Let’s look into the past and see who were responsible for past military take-overs. Bangladesh has had military governments in the past. The army ran the country for fifteen years until 1990. Now once again the question is whether the nation will go back to an undemocratic process. Bangladesh has had a history of political violence, coups and counter-coups since gaining independence in 1971. Democracy was interrupted many times with coups on 15 August 1975, 3 November 1975, between 1977-1980, 1981, 1982, 2007 and lastly an alleged failed coup in 2012.
Partly to counter this, and to absolve the country from squabbles of who really won elections, the main political parties agreed on a constitutional process of caretaker governments.
For the opposition, this ended of 1/11, t when, in the midst of growing political instability, a military backed caretaker government took over power on 11 January 2007, and paved the way for the Awami League to come to power. The people who were behind the military take over remain unpunished. Journalist ABM Musa suggests that the party which invited the 1/11 episode is now in power. “Who will punish the perpetrators?” Many opposition leaders repeatedly asked the government to avoid a repetition of the 1/11 political changeover of 2007.
Not a single government has rightly addressed the democratic deficit that afflicts Bangladesh, and the failure in governance that affects peoples lives. This government is no different. It was elected following the unconstitutional transfer of power, raising once again the quality of the democracy we have. Since its independence, all the elected and unelected governments have notably failed to meet the promise raised by the country’s independence.
Bangladesh’s endless cycle of dysfunctional democracy
When democratic institutions fail, it creates space for undemocratic forces. Let us closely observe a few parliaments and the participations of the parliamentarians. The opposition is so desperate for an election but what happens when they get elected? What is their past history? How have they crippled democracy?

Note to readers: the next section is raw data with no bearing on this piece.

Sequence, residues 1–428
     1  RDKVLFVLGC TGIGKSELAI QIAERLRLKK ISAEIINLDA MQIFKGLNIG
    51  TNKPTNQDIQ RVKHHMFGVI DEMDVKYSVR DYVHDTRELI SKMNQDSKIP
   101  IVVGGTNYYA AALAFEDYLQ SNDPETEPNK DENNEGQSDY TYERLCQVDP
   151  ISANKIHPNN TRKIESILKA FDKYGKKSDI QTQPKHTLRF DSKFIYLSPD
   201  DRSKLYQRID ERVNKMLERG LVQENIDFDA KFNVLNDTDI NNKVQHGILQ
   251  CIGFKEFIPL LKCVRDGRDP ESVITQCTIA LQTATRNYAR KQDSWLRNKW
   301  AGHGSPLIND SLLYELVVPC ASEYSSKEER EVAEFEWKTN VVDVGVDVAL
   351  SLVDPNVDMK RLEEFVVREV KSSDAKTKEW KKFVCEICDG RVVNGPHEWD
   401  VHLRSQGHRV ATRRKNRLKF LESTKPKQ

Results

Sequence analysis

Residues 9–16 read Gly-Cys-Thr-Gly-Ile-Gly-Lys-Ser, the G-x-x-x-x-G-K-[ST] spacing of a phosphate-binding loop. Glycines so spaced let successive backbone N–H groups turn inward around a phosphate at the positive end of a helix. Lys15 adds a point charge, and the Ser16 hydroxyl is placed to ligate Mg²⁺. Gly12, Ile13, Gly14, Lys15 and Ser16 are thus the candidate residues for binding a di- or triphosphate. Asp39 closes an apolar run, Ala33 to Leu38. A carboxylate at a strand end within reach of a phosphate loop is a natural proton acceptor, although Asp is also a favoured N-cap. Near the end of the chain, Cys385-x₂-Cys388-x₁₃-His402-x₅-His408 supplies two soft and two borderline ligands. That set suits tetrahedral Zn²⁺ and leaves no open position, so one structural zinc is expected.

Bangladesh supposedly returned to democratic rule after almost a decade of dictatorship in 1991. The fifth National Parliamentary Elections 1991 resulted in a victory for the Bangladesh Nationalist Party with Bangladesh Awami League (BAL) as the main opposition in the parliament.
What happened afterwards, during the 1991-1996 period? In 400 working days, the main opposition BAL boycotted 135 days and walked out 35 times in 33 days. Other parties in opposition walked out of the parliament 60 times.
The parliament boycott culture emerged from then on. In the seventh parliament (following a boycott by most opposition parties of the sixth national elections), Bangladesh Awami League (BAL) formed government and BNP became main opposition party, and between 1996-2001 BNP boycotted 163 out of total 382 sittings. BAL strongly criticized the parliamentary boycott by BNP but it was the BALwhich started the culture of parliamentary boycotts.
In the eighth parliament elections, BNP formed the government with 199 seats. Again BAL was the main opposition and it set another example of boycotting parliament from the beginning of the new House. During the 2001-2006 period, the parliament went about its business for 373 days while the main opposition Awami League boycotted the parliament for 223 days and walked out of the parliament 74 times in 150 days.
The eighth parliament dissolved in the midst of political violence. A state of emergency was called. A military backed government was installed and put a break on the journey of democracy that started since 1991. Then, after the long expected ninth parliamentary elections, the Awami League formed the government with a landslide victory of 234 seats. The BNP once again became the largest opposition. Since June 2011, BNP has boycotted the parliament for 122 out of 135 working days.
And now the people are brought to the same crossroads again; the crossroads of political violence where people pay the price and politicians get the gain and glory.
BAL and BNP, very often blame each other for crippling the parliament. Yet, surprisingly, when these parties remain on the treasury (or government) bench they become very responsible, but when they come to opposition they take the path of boycott culture.
When on the treasury bench, these political parties claim that the boycotting opposition is being irresponsible by not attending parliament. The same parties, when in the opposition, blame the treasury bench for compelling them to stay away from the House proceedings.
These policy makers keep the parliament from functioning; they use the judiciary and executive branch for their political benefits and this cripples the democracy.
Now the people of Bangladesh are caught between a crocodile and bear, where the government is unwilling to protect its citizens from violence, and indeed is carrying out violence against its people. All political parties always love to keep people in fear and facing problems, especially before the election, so they do not think of any other political alternatives. If things go very wrong, traditionally they bring back their supporter forces within the military, and when the crisis is over they turn back in their positions.
The Shahbag movement is moving towards its next victory, where Jamaat will be banned from politics. And the counter Shahbag movement will march for its final win-lose battle. More violence will ensue in the clash between the government and opposition parties. Now it’s time to see how the people make their decision to save the nation’s democracy.
William Gomes is a Bangladeshi journalist and human rights activist, and was a visiting fellow at the Centre for Applied Human Rights at the University of York in 2012. He had also worked for the Asian Human Rights Commission (AHRC). Twitter: @wnicholasgomes